Material selection for food grade application

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  • #1
MacLaddy
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Hello folks,

Got a project I've been tasked with completing. We have a small meat locker, approximately 4' x 6', and I need to design and build an above-head rack system to hang hams and other meats on. (approximately 50 to 60 lbs each)
Can anyone offer a good starting point for a food grade material? I was looking at some threaded stainless steel piping from McMaster, but I don't know if that is appropriate or not.
I haven't worked up any of the stress calcs or displacement yet. That'll come after I figure out a suitable material. It will also need to bolt to the tile walls of the locker via a flange, hence the initial pipe idea.

Thanks,
Mac
 

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  • #2
Nidum
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A simple search on ' stainless steels for use in food processing ' returns large amounts of useful information .
 
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  • #3
MacLaddy
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A simple search on ' stainless steels for use in food processing ' returns large amounts of useful information .
Why yes, thank you for that generic response.
 
  • #4
GuyTom
Do you know which food standard(s) you are building to? Can make a difference.
We make food processing equipment and generally 304 & 316 stainless are pretty good unless you have some specific requirement for chemical cleaning or something.
 
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MacLaddy
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Do you know which food standard(s) you are building to? Can make a difference.
We make food processing equipment and generally 304 & 316 stainless are pretty good unless you have some specific requirement for chemical cleaning or something.
No, this is very quick, low cost build. Identifying this as "food processing" is probably a stretch as well. It's really just a hanging system for meats that are still wrapped. Ham's, salamis, etc. I just want to cover my bases as a precaution.
I'm sure that I am over complicating this...because I usually do. I'll look into 304 & 316, thanks.
 
  • #6
Bandit127
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We use a lot of 316 for salty process water. Racks, tanks etc. We make medical devices so similar requirements exist.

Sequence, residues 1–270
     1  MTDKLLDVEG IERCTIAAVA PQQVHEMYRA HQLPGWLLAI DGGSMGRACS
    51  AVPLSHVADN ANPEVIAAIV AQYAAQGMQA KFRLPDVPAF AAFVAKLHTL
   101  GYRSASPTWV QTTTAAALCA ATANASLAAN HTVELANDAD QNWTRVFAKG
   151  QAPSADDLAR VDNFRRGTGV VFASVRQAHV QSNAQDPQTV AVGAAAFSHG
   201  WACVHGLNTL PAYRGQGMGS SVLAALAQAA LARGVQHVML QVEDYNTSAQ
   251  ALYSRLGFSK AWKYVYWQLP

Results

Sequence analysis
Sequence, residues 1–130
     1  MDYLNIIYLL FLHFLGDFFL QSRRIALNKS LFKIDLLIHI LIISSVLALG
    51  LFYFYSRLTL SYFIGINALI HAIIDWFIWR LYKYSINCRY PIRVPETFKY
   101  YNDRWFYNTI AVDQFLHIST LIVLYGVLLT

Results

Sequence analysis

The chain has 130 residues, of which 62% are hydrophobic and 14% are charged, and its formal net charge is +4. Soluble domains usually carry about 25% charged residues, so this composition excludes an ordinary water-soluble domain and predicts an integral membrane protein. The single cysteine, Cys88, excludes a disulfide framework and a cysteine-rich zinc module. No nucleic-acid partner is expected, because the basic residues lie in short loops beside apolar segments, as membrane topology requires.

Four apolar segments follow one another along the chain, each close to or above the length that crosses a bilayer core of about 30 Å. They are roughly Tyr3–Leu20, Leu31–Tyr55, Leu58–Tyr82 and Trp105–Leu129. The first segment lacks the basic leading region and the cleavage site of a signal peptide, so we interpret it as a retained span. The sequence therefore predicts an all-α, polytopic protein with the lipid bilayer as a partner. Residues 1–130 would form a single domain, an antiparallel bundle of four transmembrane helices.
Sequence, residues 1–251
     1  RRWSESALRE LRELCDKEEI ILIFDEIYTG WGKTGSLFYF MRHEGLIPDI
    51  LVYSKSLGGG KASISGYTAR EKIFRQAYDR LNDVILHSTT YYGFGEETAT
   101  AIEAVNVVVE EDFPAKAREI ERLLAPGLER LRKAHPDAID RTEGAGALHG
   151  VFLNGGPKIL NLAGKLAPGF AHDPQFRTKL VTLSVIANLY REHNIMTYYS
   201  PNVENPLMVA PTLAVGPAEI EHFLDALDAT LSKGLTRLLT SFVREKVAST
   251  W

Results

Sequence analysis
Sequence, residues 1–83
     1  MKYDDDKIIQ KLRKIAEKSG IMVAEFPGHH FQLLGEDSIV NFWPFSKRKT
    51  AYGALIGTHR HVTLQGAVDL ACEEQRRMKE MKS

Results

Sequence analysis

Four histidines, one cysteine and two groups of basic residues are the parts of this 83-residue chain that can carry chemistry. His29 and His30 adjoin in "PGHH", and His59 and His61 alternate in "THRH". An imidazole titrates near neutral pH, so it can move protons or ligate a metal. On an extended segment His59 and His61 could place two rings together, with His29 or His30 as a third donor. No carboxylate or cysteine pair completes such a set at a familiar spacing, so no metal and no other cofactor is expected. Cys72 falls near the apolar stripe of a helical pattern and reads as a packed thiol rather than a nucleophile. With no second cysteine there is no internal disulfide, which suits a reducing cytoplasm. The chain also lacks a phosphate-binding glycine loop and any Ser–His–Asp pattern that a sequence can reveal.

Standard 316 is OK for machined parts but we use 316L if it is going to be welded. 316L has a lower carbon content.
 
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  • #7
berkeman
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No, this is very quick, low cost build. Identifying this as "food processing" is probably a stretch as well. It's really just a hanging system for meats that are still wrapped.
Is this for a commercial operation? Do you get inspected by your city's Health Inspector like restaurants and food processing facilities do? If so, I would talk with them to see what they are looking for in terms of materials that are suitable for this application.

https://en.wikipedia.org/wiki/Environmental_health_officer
 
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Hi, our company uses 316L for all its Food and Bev Grade (Hygienic) products.
The two main reasons for this, as far as I understand, is that it can withstand the typical cleaning agents using in CIP (Clean in Place) processes, and that the surface finish is smooth enough to minimize the build up of bacteria and other nasties on the surface.

While certainly not an exciting read, I did find this link fairly interesting http://www.worldstainless.org/Files.../PDF/Euro_Inox/StSt_in_FoodandBeverage_EN.pdf
 
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  • #9
MacLaddy
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I apologize for going MIA on this topic. I've been dealing with sweaty concrete this week...

We use a lot of 316 for salty process water. Racks, tanks etc. We make medical devices so similar requirements exist.

Standard 316 is OK for machined parts but we use 316L if it is going to be welded. 316L has a lower carbon content.
Thanks. It likely will be welded.


Is this for a commercial operation? Do you get inspected by your city's Health Inspector like restaurants and food processing facilities do? If so, I would talk with them to see what they are looking for in terms of materials that are suitable for this application.

https://en.wikipedia.org/wiki/Environmental_health_officer
It is for a commercial kitchen in a hotel, so inspections are fairly routine. Talking to a health inspector is good advice. I'll probably do a quick design with 316L and send it over to one of their inspectors for a once-over.

Hi, our company uses 316L for all its Food and Bev Grade (Hygienic) products.
The two main reasons for this, as far as I understand, is that it can withstand the typical cleaning agents using in CIP (Clean in Place) processes, and that the surface finish is smooth enough to minimize the build up of bacteria and other nasties on the surface.

While certainly not an exciting read, I did find this link fairly interesting http://www.worldstainless.org/Files.../PDF/Euro_Inox/StSt_in_FoodandBeverage_EN.pdf
Thanks for the link. I'll look over it tonight.
 
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